|January 31, 2011||After the snow: Teachers adjust because of time missed during January||no comments|
|January 26, 2011||Learning Pad: Parkway teachers use iPads to boost lessons||no comments|
|November 23, 2010||Tupelo High Super Bowl commericals||no comments|
|October 20, 2010||Joyner balloons||no comments|
From today's NEMS Daily Journal ...
Getting students and teachers back into a rhythm after Christmas break is generally difficult, said Amy Alexander, who teachers senior English and oral communications at Nettleton High School.
Add several snow days at the beginning of the new semester and the challenge is magnified.
In case you missed this from the education page earlier this week ...
TUPELO - Parkway Elementary first-grade teacher Georgia Marlin stood in the back of a classroom last week watching several 6- and 7-year-olds flick their fingers across the glowing screen of an iPad device.
While some students played various math games on the devices, others answered addition and subtraction questions displayed on a screen that projected what was on their teacher's computer.
"It sure is a lot different than when I was in school," the 16-year teaching veteran said.
Like many districts across the country, the Tupelo Public School District has been actively adding technology to its classrooms. All of its sixth- to 12th-grade students were supplied with laptop computers, and many classrooms are equipped with special projectors that allow students to interact with the images that are displayed on screen.
Students in Braden Bishop's economics class at Tupelo High recently used their MacBooks to create Super Bowl-style commercials as part of a class project. Subjects include a car dealership, soft drinks, candy bars, chips, sun glasses, hair gel and personal hygiene products, to name a few. Most of the commercials feature students as actors, with the MacBooks used to record them, but a few just used music and graphics.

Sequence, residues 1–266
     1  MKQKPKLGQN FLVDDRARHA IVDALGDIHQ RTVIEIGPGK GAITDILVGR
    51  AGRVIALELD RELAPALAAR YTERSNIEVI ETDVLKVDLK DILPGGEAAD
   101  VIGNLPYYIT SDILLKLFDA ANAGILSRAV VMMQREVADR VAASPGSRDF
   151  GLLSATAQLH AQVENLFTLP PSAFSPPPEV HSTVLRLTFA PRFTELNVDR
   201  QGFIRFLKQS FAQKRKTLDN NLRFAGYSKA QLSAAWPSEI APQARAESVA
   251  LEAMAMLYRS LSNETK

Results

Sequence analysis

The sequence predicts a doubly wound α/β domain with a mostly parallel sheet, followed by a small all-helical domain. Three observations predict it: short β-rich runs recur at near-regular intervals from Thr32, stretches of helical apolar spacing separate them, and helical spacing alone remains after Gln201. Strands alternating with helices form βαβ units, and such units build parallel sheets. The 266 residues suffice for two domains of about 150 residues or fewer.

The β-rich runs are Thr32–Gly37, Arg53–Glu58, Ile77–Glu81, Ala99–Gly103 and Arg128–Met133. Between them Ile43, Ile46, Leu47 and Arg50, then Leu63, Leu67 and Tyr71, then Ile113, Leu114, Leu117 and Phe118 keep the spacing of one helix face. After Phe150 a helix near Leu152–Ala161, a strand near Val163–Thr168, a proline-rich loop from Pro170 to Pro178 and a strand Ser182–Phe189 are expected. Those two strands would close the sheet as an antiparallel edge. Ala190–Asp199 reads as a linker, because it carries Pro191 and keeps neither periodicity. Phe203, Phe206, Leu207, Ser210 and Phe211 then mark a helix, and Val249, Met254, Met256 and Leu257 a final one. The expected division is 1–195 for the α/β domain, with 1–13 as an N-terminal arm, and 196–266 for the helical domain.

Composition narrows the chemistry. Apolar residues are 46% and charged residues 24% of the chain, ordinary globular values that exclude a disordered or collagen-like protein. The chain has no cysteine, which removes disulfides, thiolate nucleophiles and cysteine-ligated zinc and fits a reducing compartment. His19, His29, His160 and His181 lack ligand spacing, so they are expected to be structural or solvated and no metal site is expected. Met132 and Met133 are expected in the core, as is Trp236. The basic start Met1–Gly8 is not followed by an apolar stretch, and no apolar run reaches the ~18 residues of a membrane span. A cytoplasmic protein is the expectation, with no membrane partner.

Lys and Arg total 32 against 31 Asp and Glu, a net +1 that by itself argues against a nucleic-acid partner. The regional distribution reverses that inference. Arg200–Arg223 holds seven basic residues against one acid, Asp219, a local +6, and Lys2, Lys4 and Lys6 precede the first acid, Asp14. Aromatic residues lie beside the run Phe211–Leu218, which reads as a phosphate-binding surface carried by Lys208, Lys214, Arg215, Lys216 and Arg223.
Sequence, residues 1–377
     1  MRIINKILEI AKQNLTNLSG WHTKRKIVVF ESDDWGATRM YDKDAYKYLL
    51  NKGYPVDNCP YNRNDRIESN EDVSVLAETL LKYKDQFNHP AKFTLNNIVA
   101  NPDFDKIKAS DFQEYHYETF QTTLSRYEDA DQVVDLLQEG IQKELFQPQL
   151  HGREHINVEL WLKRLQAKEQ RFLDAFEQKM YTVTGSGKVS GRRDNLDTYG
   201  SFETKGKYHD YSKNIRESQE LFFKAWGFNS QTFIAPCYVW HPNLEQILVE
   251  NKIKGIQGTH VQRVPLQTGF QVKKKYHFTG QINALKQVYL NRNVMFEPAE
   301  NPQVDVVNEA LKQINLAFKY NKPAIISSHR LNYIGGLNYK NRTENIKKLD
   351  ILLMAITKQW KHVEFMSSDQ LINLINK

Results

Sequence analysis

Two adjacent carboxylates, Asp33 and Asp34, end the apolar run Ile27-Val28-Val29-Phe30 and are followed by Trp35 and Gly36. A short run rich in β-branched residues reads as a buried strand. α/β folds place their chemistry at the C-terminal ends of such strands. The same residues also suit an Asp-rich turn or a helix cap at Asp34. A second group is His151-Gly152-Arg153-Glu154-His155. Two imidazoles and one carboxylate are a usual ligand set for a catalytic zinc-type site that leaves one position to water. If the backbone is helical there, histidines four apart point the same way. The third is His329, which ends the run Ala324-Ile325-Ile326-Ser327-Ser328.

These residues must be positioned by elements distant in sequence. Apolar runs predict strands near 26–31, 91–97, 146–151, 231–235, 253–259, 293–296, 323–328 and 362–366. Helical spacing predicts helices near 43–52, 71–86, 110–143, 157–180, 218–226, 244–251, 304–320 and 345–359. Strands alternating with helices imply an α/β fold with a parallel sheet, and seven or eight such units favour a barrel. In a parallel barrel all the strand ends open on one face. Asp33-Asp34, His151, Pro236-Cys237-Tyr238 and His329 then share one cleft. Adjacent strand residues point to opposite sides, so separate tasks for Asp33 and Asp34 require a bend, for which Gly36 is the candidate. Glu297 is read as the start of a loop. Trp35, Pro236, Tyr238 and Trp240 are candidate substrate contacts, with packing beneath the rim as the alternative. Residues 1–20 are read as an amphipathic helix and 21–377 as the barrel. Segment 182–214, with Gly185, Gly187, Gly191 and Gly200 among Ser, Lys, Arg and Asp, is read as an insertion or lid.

The work is a good example of how the school's students are using their MacBooks to produce projects.
Which ones do you like best?
On Friday, roughly 150 second graders from Joyner sent letters attached to balloons into the mercy of the winds. Today they received their first response, principal Jason Harris said.
The school received a letter from a man in Cottondale, Ala., which is located near Tuscaloosa in the western part of the state.
Each of the student's letters described the student and his or her hometown and asked for the recipient to respond by sending a letter to the school. The students will use the responses for geography lessons.